Grand Theft Auto III was one of the PlayStation 2’s most important early releases -- fully realising the potential of its genre with an interactive 3D open world that took the world by storm upon its launch in late 2001. It was a landmark moment for video games, but it also represented a shift in design away from the top-down perspective. And nearly 20 years later, it’s those earlier titles that developer Fallen Tree Games is trying to replicate with American Fugitive. The attempt isn’t quite as successful as those Rockstar classics, but this blast from the past is sure to provide a decent experience for those in the mood.

The Nottingham-based studio’s first home console release is indeed a rather simple one from the outset, but dig a little deeper and you’ll uncover numerous mechanics and features that’ll have you coming back for more. With the top-down angle in hand, you’ll need to do your best at avoiding the police and drawing any attention to yourself, all the while completing devious jobs and crimes for a handful of undercover crooks.

Locked up in prison for a crime he didn’t commit, protagonist Will Riley makes a dash for freedom in order to find out who killed his father. Now on the run from the authorities following a successful breakout, you’ll meet up with a number of seedy people and do their bidding in the hopes of taking a step closer to uncovering the truth.

That is until you find yourself wrapped up in the criminal underbelly of 1980s Redrock County. Riley quickly becomes embroiled in a gang war, assists an undertaker in his deadly studies, and even helps out a government election campaign. He’s quite clearly in over his head, but the narrative works much of the time. Learning of the trials and tribulations the town faces on a daily basis is both comical and entertaining, while engaging in conversation with contacts is a joy. Learning more of your objectives is a breeze, but delve into occasional dialogue options and you have the chance to somewhat shape the plot to your liking.

Perhaps the only complaint we do have is that Will’s simple, redeeming quest to learn of his father’s real killer falls by the wayside all too quickly. It’s the driving force behind the opening couple of hours, but is almost forgotten about by the mid-game. Proceedings do circle back around eventually, but pacing issues make you question the point of some missions and tasks when you could be using that time much more fruitfully.

You’re here for the chaotic action though -- American Fugitive’s most satisfying aspect. With an open world to explore at any time, you’re free to cause anarchy at your will. A large inventory allows you to carry anything from toilet brushes and spades through to shotguns and machine guns for when the going gets tough, especially if the cops are called. Committing crimes builds up a wanted meter, kicking things off with a simple car chase before elevating the situation to S.W.A.T vans and helicopters. You could have half the police force on your tail before you know it, but getting them off your back is hilariously simple. Break line of sight for a second and you’ll have the chance to slip into a neighbour’s back garden and grab the clothing off their washing line, creating an all-new Will Riley the cops aren’t looking for. It all ties into the game’s commitment to fun and entertainment -- one that it absolutely nails whenever the sheriff gets involved.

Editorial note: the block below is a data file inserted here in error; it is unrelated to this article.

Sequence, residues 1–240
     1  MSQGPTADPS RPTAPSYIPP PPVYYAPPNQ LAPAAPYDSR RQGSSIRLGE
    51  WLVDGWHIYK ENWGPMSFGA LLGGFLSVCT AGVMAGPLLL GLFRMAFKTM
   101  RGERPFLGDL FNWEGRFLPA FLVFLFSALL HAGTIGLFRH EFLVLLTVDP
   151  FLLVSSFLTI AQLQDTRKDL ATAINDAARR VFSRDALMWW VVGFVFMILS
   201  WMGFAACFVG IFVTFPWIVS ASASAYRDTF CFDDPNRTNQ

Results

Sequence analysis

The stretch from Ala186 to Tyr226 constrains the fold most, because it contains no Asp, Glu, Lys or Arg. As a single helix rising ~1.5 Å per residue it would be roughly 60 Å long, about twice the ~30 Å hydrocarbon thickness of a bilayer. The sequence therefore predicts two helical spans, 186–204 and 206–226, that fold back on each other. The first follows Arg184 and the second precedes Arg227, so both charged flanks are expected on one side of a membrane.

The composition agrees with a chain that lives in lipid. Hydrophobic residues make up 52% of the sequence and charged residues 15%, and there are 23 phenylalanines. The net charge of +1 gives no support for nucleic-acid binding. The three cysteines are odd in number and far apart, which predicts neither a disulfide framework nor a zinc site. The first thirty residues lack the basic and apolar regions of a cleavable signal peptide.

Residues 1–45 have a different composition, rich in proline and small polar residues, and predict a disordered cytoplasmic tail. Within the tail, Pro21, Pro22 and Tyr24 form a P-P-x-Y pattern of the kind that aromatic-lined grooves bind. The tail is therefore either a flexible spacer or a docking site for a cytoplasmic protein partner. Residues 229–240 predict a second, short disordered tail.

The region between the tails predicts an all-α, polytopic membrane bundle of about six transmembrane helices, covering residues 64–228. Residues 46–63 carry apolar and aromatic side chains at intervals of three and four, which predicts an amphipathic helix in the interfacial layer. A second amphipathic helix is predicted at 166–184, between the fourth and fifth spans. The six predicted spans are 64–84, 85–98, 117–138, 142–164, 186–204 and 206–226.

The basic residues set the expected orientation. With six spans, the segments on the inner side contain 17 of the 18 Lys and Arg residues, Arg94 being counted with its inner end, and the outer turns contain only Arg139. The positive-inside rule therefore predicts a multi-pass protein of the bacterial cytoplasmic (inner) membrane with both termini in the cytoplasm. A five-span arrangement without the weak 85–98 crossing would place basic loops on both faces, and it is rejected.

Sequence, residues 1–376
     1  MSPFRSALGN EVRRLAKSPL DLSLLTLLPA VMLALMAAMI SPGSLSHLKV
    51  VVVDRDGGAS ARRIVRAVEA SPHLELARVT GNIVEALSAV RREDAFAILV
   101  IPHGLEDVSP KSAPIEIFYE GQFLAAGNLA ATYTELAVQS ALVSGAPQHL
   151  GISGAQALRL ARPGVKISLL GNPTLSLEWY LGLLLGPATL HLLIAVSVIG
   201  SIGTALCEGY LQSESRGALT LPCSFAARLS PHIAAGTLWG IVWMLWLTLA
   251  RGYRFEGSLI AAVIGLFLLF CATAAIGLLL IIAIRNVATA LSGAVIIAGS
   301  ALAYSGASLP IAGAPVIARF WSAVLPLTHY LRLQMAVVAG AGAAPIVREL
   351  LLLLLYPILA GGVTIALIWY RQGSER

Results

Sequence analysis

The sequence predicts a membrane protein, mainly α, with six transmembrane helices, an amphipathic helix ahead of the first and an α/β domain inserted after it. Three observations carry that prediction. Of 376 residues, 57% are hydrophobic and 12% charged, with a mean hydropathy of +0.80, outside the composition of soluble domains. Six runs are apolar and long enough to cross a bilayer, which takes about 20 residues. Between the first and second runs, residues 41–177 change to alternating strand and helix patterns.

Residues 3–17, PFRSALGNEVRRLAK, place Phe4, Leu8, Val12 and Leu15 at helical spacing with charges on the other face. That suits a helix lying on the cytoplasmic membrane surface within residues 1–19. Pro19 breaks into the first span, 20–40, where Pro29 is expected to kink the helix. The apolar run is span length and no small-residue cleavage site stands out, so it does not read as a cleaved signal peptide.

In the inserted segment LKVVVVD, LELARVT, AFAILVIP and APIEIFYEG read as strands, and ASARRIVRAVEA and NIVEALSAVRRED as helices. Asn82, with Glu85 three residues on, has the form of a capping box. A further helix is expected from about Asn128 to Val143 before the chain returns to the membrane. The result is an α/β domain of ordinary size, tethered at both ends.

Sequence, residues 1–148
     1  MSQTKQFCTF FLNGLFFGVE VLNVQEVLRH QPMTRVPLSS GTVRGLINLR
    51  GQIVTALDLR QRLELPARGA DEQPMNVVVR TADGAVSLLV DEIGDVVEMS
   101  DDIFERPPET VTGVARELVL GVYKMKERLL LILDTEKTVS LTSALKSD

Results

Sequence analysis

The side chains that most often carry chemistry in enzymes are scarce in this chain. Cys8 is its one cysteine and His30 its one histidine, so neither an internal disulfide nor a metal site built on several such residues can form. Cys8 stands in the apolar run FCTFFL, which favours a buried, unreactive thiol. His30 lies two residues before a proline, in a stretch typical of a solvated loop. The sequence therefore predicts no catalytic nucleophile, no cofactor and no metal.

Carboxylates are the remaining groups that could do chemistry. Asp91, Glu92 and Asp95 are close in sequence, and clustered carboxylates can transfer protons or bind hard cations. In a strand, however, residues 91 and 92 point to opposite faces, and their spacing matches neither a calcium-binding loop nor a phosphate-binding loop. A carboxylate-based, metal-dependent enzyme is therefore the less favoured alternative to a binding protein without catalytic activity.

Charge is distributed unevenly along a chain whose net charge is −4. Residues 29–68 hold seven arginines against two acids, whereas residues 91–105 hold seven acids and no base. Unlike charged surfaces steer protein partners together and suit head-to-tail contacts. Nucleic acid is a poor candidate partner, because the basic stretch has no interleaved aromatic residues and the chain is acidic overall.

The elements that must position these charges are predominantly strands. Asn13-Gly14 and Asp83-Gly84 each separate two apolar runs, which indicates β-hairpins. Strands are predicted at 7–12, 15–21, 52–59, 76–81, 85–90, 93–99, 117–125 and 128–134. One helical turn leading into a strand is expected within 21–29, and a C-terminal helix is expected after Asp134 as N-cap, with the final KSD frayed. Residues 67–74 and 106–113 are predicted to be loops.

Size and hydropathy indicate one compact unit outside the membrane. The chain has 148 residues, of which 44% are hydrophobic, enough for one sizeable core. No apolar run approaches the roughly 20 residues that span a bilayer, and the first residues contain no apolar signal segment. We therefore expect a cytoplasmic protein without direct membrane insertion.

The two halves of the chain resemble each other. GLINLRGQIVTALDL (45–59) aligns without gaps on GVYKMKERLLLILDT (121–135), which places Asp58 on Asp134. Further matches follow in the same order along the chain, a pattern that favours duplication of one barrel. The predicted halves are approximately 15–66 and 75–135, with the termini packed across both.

If you’d rather do things a little more quietly though, the majority of the district’s residential area comes with an open invitation. You can break into almost every house, shop, and establishment you come across, which all come with the possibility of scoring a high-value item. Once you’ve gained entry, an on-screen mini game allows you to explore rooms and steal worthy items before the police arrive. There’s always the possibility that someone will be home while you’re stealing, at which point you’ll need to decide if they get to live to tell the tale.

The title’s open world nature lends itself well to creating mindless disorder, but it’s actually in the more structured missions where the experience disappoints to a degree. As it expands horizons in terms of storylines, level design actually contracts. Far too many assignments amount to nothing more than generic fetch quests or tasks that require you to mow down bad guys. There are a handful of high points scattered throughout the campaign, but they’re few and far between among a sea of mediocrity.

To make matters worse, the game’s length accentuates this flaw. The experience would have worked perfectly at a run time of five to seven hours, but you’ll need to double that at the very least if you want to see things through to their conclusion. Because of this, you’ll drag yourself through numerous tasks that fail to justify their existence. American Fugitive outstays its welcome by a very large margin.

You might be surprised to hear that the game actually comes packaged with some rogue-like elements. If you die during a mission, you’ll be able to simply restart at a checkpoint, but if you meet your doom out in the open world then you’ll have lost your entire inventory upon respawn. Your progress in the story, skill points, and cash all carry over, but you’ll need to start over again when it comes to procuring items and weapons. We don’t understand the point of it honestly -- the mechanic feels like a half step that punishes the player for no real reason more than anything else.

Conclusion

American Fugitive is an exceptional open world playground for dumb fun, but it fails to capitalise on that when tailored mission design is brought into the fold. One too many repetitive objectives drag the experience down to a crawl, but for some, the narrative will be just about enough to make it worthwhile.